Mast Brothers Chocolate: A Family Cookbook

Mast Brothers Chocolate: A Family Cookbook

 

 

 

 

 

 

 

 

 

 

 

Mast Brothers Chocolate: A Family Cookbook by Rick Mast and Michael Mast: Winner of the IACP in the Single Subject Category.  Rick and Michael Mast started  craft chocolate factory in Brooklyn  in order to produce handcrafted chocolate.  They seek to make the chocolate using best ingredients from small producers. This book includes the story of their journey along with delicious recipes.

 

Southern Italian Desserts by Rosetta Costantino

Southern Italian Desserts by Rosetta Costantino

 

 

 

 

 

 

 

 

 

 

 

 

Southern Italian Desserts by Rosetta Costantino: Desserts in Italy are more than just cannoli and gelato.  Rosetta Costantino brings us the desserts of Calabria, Campania, Basilicata, Puglia and Sicily, all regions in southern Italy.  Rich delicious desserts fill the pages of this book. Costantino explains the regional history, symbolism and lore behind these desserts.

The Art of French Pastry by Jacquy Pfeiffer with Martha Rose Shulman

The Art of French Pastry by Jacquy Pfeiffer with Martha Rose Shulman

 

 

 

 

 

 

 

 

 

 

 

 

The Art of French Pastry by Jacquy Pfeiffer with Martha Rose Shulman: Winner of the IACP in the Baking Category.  Jacquy Pfeiffer covers the fundamentals of pastry, beginning with his life working in his father’s bakery.  The book continues with recipes for classic French pastries.  Pfeiffer includes a sidebar in the many recipes where he gives more information about a particular ingredient that is used. It is an excellent book for anyone wanting to learn the fundamentals of French pastries.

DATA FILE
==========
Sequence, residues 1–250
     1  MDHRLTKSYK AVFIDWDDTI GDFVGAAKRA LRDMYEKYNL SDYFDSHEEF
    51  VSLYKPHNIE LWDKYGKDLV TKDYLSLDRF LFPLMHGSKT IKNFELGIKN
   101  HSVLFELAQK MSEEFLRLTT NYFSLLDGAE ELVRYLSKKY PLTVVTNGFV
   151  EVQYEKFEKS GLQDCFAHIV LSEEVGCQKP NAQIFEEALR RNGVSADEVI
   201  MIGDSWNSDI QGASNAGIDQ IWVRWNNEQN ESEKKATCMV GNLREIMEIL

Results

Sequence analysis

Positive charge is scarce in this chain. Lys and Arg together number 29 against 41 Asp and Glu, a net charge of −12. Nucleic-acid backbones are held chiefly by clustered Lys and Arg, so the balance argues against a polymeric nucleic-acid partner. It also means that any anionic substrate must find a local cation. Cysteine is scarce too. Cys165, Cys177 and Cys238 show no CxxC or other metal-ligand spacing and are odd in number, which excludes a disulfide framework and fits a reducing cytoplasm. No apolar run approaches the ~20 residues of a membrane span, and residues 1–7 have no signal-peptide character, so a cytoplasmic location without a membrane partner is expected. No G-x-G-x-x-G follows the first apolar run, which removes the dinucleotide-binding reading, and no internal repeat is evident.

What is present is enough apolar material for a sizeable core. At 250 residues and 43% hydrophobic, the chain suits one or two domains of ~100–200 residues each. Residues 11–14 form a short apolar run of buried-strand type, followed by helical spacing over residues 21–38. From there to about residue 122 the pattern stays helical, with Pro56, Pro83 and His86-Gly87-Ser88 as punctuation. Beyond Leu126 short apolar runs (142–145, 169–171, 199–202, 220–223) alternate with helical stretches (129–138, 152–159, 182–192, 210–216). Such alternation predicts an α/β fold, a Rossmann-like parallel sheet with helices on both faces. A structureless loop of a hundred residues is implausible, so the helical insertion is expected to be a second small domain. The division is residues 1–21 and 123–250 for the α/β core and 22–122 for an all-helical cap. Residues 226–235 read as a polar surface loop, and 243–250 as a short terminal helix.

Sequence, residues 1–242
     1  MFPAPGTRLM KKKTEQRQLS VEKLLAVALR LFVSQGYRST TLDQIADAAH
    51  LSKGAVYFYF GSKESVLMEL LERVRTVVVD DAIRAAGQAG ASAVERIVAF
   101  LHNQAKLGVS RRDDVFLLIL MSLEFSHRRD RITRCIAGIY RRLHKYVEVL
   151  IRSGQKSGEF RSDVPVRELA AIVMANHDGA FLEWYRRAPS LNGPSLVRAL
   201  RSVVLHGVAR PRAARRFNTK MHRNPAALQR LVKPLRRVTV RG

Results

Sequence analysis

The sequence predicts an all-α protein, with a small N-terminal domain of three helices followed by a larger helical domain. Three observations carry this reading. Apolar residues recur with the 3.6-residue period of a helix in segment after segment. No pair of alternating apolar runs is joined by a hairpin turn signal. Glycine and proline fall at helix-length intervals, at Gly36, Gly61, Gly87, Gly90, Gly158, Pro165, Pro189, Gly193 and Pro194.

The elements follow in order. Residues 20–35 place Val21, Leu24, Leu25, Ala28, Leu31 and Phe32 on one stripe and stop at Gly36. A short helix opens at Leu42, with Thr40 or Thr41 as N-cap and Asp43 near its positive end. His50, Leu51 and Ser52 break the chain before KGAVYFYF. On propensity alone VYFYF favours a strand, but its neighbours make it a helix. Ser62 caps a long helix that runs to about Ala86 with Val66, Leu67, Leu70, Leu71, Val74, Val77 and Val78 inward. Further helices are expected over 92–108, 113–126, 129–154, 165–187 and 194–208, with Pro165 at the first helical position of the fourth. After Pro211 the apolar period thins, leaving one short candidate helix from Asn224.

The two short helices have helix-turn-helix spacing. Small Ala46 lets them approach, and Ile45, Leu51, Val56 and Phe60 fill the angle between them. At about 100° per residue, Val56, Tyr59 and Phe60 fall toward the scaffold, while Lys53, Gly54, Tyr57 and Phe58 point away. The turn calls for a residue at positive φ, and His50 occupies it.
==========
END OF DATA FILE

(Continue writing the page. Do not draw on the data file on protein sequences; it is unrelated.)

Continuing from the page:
NOTE:  All of these editions are available from your favorite online book retailer OR, better yet, take a closer look at these great books in the library!

 

Jean Moats, Librarian, M L.S. from University of North Carolina at Greensboro; B.A. in Home Economics and Business from Otterbein College, M. Div. in Pastoral Ministry from Duke Divinity School; Prior to the library degree, Jean worked as a pastry chef in several local catering companies while earning a degree in Culinary Arts and Hotel/Restaurant Management from Central Piedmont Community College. She worked at Queens University of Charlotte in Technical Services Department while earning her degree in library science from UNC at Greensboro. Jean joined the library staff of Johnson and Wales University in Charlotte in August 2004. She is a liaison for the College of Culinary Arts. Other responsibilities include cataloging materials, staffing the reference desk, and teaching information literacy sessions.

Thank you Jean, for your dedication and your reviews of these fantastic books!

 

 

A good egg!

                                         
What eggs say....by JWU student Rebecca Ramey